Wednesday, March 19, 2014

Veronica Mars (2014) – Review

Review: Veronica Mars is something enjoyable for the fans of the Veronica Mars TV series, but not much else. The film finds Veronica nine years later living in New York and a law school graduate. She has moved on from her life in Neptune, California, as a teenage sleuth and is about to join a high-powered New York law firm. Her past comes crashing back into her new life, however, when she gets a call from her former boyfriend, Logan Echolls, who has been accused of murdering his pop-star girlfriend. Everyone believes he is guilty, but Veronica knows Logan is innocent and decides to come home and help him out, only to uncover a larger conspiracy.

The film plays as more or less a re-pilot of the initial series, solving its main mystery but leaving other questions lingering for future Veronica Mars installments (which I believe there are plans to pursue in some form). It never feels like a true feature film, both in its narrative and in its visual aesthetics (it basically just looks like one of the TV episodes). The narrative and character relationships also tend to rely on the audience having seen the series and knowing the characters fairly well. It is not a must, but someone new to Veronica Mars would probably miss a lot of the detail and jokes. The plot itself is self-contained however.

The film is probably most interesting because of how it came to be. Veronica Mars was a much beloved series, but only by a small group of fans. It was a great show that succeeded on having one of TV’s best protagonists. No studio would ever make this film, though, as the potential is just not there (at least in their eyes; I am still completely shocked that Universal made Serenity, although that does have greater crossover potential). Thus, the film was funded via Kickstarter. The first film to be successfully funded and produced, potentially opening the door for lots of other small projects with diehard core audiences.

Overall, Veronica Mars takes what would have been a bigger story arc on the show and condenses it into about two episodes (time wise), but leaving the door open for future installments, which is always something smart if the plan is to continue with the character. But, on the other hand, it does leave the film feeling again like just another TV pilot: an introduction to a character (or set of characters) and their world, with lots of story threads left dangling to be address in the future. The film in a sense is both self-contained and not. Yes the main story is concluded, but it feels like merely the beginning and not a full narrative, and it is dependent to a large degree on the viewer being a fan (probably a big fan) of the original series as well to fully appreciate and understand the characters and their motivations. Thus, the film exists as sort of a made-for-TV style bonus for fans of the character that they will enjoy with promises for more; but as a standalone feature film (especially for newcomers to the character) it is a fairly average crime mystery drama. As a fan of the series I did enjoy the film (it would have made a good, not great season finale), but objectively it does leave a lot to be desired when considered as a true feature film.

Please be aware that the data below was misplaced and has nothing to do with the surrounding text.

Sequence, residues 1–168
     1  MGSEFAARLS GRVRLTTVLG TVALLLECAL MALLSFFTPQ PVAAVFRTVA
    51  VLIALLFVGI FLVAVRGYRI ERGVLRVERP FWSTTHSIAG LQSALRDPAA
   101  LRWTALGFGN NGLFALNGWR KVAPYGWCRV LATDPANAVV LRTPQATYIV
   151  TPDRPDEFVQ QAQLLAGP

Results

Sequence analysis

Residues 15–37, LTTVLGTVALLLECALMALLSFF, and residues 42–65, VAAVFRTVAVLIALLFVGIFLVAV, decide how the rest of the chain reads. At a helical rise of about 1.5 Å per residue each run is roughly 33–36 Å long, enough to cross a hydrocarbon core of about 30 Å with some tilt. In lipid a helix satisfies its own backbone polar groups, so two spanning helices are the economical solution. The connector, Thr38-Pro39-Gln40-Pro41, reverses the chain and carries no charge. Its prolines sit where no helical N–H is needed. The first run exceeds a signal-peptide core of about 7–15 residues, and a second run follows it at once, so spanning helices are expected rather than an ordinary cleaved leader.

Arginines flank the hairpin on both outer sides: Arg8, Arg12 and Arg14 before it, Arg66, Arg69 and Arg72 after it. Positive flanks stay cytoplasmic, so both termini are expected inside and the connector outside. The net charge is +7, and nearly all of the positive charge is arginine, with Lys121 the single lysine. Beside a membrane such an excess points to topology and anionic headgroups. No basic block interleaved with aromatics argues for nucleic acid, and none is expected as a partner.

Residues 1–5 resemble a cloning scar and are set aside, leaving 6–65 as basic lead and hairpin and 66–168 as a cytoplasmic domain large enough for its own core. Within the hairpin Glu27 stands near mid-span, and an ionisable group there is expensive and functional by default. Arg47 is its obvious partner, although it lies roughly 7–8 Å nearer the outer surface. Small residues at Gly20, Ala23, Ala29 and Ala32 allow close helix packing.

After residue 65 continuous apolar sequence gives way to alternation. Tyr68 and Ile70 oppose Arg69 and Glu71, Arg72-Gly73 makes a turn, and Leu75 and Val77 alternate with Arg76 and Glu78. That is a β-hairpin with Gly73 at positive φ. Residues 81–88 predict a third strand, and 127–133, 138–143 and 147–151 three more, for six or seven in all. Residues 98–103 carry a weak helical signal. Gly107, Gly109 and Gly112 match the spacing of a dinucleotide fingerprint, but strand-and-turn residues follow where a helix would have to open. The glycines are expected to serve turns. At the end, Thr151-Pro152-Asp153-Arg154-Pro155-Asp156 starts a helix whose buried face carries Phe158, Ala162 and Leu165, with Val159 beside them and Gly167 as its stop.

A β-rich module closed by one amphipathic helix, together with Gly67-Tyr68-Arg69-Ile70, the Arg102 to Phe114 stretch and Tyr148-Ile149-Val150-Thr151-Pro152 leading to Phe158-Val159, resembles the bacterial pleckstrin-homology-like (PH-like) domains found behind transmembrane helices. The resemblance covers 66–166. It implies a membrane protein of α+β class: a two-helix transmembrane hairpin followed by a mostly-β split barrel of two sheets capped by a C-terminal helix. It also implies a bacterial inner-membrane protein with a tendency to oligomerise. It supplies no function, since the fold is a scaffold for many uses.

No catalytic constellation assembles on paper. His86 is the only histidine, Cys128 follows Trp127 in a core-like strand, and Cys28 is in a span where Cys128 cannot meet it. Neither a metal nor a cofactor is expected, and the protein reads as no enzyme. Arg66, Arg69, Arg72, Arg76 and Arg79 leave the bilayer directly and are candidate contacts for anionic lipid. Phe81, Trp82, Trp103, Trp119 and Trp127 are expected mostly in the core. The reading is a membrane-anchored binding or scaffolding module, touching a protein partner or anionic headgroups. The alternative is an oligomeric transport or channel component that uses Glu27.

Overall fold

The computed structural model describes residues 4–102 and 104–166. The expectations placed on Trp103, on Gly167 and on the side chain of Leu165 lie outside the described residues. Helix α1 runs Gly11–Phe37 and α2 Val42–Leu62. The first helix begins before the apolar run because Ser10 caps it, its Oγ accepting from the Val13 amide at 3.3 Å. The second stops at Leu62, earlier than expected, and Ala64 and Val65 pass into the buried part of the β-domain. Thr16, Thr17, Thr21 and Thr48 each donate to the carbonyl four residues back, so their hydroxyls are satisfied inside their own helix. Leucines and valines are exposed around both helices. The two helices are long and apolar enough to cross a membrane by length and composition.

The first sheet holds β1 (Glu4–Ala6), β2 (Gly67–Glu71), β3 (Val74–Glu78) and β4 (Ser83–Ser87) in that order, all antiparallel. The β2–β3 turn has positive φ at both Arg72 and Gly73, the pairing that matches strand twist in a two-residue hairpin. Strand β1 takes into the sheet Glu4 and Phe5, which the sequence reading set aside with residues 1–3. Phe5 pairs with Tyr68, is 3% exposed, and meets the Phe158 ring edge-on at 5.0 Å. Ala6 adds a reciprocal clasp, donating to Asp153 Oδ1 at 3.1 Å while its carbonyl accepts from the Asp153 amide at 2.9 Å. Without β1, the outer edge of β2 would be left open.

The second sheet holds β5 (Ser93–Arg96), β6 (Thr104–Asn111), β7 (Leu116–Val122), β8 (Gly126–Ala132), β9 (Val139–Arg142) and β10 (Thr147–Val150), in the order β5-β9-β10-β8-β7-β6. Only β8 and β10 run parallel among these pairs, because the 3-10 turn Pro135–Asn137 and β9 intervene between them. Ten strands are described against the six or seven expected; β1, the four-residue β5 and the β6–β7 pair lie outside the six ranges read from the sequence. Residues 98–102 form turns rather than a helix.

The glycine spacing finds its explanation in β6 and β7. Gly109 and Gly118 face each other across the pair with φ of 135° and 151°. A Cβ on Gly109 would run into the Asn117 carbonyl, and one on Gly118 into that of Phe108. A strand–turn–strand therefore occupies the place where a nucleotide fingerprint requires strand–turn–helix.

Technical, aesthetic & acting achievements: The creator of Veronica Mars, Rob Thomas, co-writes and directs the film. Again, it looks pretty much like just another episode of the series aesthetically. Thomas does do a good job of giving the fans what they want while still telling a solid mystery narrative. There are lots of cameos and throwbacks to the series. And, of course, the writing is a lot of fun, filled with pop-culture references and sass. Fans will like what Thomas has made.

The cast is good overall. Many are used merely as “oh look its ____” but a few have some good moments. Returning from the series, Percy Daggs III, Tina Majorino, Krysten Ritter, Ken Marino, Ryan Hansen, and especially Enrico Colantoni are strong in smaller roles, while Martin Starr (playing off-type for a change) and Gaby Hoffmann are good too as newcomers. The main stars here, however (and of course), are Veronica Mars and Logan Echolls, played by Kristen Bell and Jason Dohring. They both hit all the right notes, bringing back everything fans loved about their characters. Although, even though nine years have passed and they have grown up a bit, they really have not changed much as characters, leading to the film’s conclusion making all the sense in the world. For Bell, Veronica is a signature role, and one that she brings to life so fantastically.

Summary & score: Veronica Mars is a film made for fans with money from fans, and thus fans will find it amusing, gratifying, and probably satisfying but those new to the character will likely be not overly enamored (and I suggest they watch the series first). 6/10

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